MS. REBECCA SHEIR
If you've spent six days a week, for more then 40 years out on the Chesapeake, you probably have an opinion about the health of the bay. And guys like Bob Evans, well, they're not shy about sharing their opinion.
MR. BOB EVANS
We had poor water quality back in the '60s but nothing like we have now. I mean, it's just too many people and too much silt and too much run off, too much trash.
It actually turns out, the federal government, not only agrees with him, it's pressuring local states to do their part in cleaning up. And as environment reporter, Sabri Ben-Achour, is finding out, the bill for that cleanup is pretty darn breathtaking.
MR. SABRI BEN-ACHOUR
So about three years ago, the EPA, said that after 30 years of everyone utterly failing to substantively improve the health of the Chesapeake Bay, it was time to get serious. The agency sent a letter to the states in the watershed saying, if they didn't come up with plans to fix the water that drains into the bay, the EPA would make life miserable for them, withholding grants, coming down hard on waste water treatment plants and livestock farms and otherwise expanding its regulation.
MR. SABRI BEN-ACHOUR
So fast forward two years and the bay states have told all their individual counties to draw up their own plans. Anne Arundel County, Md. was one of the first to start doing so.
MR. ERIK MICHELSEN
We have a right to clean water...
Erik Michelsen is with the South River Federation. He's helping the county come up with its plan. And it's not cheap. For starters, the county will have to upgrade its waste water treatment plants.
It's septic systems need to be hooked to actual sewer lines. They leak sewage nitrogen into the waterways.
Around $750 million.
And it needs to fix its storm water system, pipes and gutters which send loads of dirt and grime into the water.
About a billion dollar price tag.
That all adds up to...
The grand total is about $2 billion.
That is a huge bill. It is almost as much as all the revenue the county takes in over a year. About $4,000 for every man, woman and child. And Maryland has committed itself to putting its cleanup plan in action by 2020. The state can chip in for some parts, using the bay restoration fund and the flush tax for some of the sewage treatment upgrades.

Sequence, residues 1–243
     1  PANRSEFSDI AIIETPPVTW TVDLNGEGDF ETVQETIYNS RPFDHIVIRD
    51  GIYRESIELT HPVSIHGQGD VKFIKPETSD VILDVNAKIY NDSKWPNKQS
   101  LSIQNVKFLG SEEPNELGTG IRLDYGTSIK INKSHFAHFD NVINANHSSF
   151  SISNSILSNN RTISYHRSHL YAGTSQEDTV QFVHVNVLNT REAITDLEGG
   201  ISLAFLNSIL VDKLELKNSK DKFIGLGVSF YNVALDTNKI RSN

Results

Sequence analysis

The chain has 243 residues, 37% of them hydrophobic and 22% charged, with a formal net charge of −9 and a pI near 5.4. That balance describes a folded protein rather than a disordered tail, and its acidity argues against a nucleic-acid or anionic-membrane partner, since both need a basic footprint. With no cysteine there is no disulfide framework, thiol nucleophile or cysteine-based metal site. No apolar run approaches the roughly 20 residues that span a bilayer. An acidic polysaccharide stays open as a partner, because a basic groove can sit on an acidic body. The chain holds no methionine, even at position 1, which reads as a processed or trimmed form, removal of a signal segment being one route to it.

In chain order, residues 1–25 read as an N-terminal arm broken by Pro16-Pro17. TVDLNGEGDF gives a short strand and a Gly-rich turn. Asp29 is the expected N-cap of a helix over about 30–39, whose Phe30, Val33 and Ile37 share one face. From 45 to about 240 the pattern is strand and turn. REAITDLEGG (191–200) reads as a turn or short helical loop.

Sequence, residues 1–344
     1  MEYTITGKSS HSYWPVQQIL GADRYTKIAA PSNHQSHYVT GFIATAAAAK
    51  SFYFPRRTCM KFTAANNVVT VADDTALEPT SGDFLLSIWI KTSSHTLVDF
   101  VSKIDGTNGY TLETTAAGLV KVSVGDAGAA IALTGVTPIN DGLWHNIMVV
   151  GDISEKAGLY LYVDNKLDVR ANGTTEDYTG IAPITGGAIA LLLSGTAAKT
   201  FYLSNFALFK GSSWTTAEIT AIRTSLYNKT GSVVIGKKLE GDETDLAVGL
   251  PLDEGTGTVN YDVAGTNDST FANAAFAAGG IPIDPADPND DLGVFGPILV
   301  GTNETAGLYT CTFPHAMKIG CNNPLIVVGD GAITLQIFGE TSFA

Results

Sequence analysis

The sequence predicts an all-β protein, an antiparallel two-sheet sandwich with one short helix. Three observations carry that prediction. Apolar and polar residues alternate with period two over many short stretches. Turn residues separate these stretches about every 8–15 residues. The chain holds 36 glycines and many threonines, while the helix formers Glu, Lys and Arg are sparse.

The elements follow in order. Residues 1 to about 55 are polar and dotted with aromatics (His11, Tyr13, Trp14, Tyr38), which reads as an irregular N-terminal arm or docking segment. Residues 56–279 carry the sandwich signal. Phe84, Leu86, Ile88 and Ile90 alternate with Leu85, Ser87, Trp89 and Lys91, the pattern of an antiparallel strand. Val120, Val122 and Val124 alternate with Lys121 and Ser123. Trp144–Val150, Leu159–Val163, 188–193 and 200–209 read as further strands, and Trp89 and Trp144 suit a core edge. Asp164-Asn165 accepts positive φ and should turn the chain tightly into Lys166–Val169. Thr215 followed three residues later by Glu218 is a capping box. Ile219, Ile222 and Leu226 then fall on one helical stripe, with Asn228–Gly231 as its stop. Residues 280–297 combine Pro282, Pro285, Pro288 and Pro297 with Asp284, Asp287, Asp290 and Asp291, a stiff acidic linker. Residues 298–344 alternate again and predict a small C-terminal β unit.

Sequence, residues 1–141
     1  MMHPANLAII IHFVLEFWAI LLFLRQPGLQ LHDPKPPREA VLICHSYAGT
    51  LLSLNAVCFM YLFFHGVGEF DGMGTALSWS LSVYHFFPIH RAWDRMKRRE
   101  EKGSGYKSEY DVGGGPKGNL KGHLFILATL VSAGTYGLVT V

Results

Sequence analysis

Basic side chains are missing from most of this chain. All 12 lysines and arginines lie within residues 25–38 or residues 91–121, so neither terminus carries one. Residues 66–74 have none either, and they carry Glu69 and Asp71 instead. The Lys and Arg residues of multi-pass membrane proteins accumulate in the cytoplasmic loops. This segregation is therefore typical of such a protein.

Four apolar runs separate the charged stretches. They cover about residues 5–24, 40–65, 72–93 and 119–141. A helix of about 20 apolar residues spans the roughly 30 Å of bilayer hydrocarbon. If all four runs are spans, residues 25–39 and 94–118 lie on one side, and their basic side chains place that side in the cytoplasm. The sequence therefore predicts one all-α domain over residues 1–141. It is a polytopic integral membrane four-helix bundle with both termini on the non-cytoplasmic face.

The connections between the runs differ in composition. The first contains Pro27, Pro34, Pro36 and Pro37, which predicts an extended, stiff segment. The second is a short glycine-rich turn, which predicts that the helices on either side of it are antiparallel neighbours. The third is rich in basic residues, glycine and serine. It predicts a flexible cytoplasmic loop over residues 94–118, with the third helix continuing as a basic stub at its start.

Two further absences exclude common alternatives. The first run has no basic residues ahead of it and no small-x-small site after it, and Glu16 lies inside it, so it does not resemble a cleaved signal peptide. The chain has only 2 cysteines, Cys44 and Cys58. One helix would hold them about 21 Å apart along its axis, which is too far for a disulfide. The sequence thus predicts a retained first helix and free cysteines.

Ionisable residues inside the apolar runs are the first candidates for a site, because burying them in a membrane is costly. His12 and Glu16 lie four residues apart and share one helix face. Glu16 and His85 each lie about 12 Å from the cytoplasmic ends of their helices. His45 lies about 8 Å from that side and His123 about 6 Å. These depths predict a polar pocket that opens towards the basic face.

Then the county can scrounge to cover some of its septic costs.
Some creative financing mechanisms or some kind of bonding exercises.
But some things are much more uncertain.
The storm water piece which is the biggest is the one where there is no real existing source of revenue for...
Fixing storm water is heavy lifting, building cisterns, retention ponds, special gutters, storm sewers, green roofs, forest buffers. Anything that slows down or filters water from the streets and roofs. Dan Nees is a senior research associate at the University of Maryland's Center for Environmental Finance.
MR. DAN NEES
Those communities that are trying to address storm water management are facing a pretty significant challenge. You know, they're going to need to raise revenues so they can raise revenue through taxes, they can raise revenue through fees. They can do it through law, requiring certain regulations about how you build and rebuild, in your county.
The Center for Environmental Finance says it can help by drilling down through a county's finances to figure out the best way to get the most bang for the buck. And many local governments around D.C. have already started what they call, Storm Water Utilities to collect fees for storm water upgrades. On average, it means households, in our area, pay about $50 to $75 per year. But that still doesn't come close to covering the bill coming down the road. And if local governments were hoping to get bailed out by the federal government, they need to think again.
The politics around money reigning down from on high are very different then they were, even a few years ago. The global economic situation has changed. Here's what we do know, we know that there's going to be, probably, less federal money being spent on this issue.
So that leaves local governments with a big tap.
MR. CHRIS TRUMBAUER
Well, it's certainly daunting.
Chris Trumbauer is a county councilman. He argues, there's more then just costs to think about. There are benefits to infrastructure and jobs that would come with such a massive investment.
I believe that there would be some element of job creation based on that as well because you're going to get, kind of, the blue collar construction jobs as well as the white collar engineering and planning jobs to design these projects and then get them built.
Michelsen, with the South River Federation says, the environmental improvements will be significant.
We can't afford not to do it. We need to make an investment in our green infrastructure, in our streams and creeks and our rivers, in the same way that we need to invest in our schools or in pipe infrastructure. I think, people are, frankly, sick and tired of having spent 30 years without any real tangible results.
Richard Eskin is director of science services for the Maryland Department of the Environment. He says, "Everything is far from being worked out but it will be."
MR. RICHARD ESKIN
People are asking for all of the final answers while we're still in the middle of the process. I mean, you can't have your final answers while you're still developing what you need to do. So we'll get there. But we're not there yet.
There isn't much time to find a solution and come up with a whole lot of money. That states only have until March to figure it out. I'm Sabri Ben-Achour.
How much would you be willing to add to your tax bill to help spruce up the Chesapeake Bay? Send us an e-mail, our address is email@example.com.
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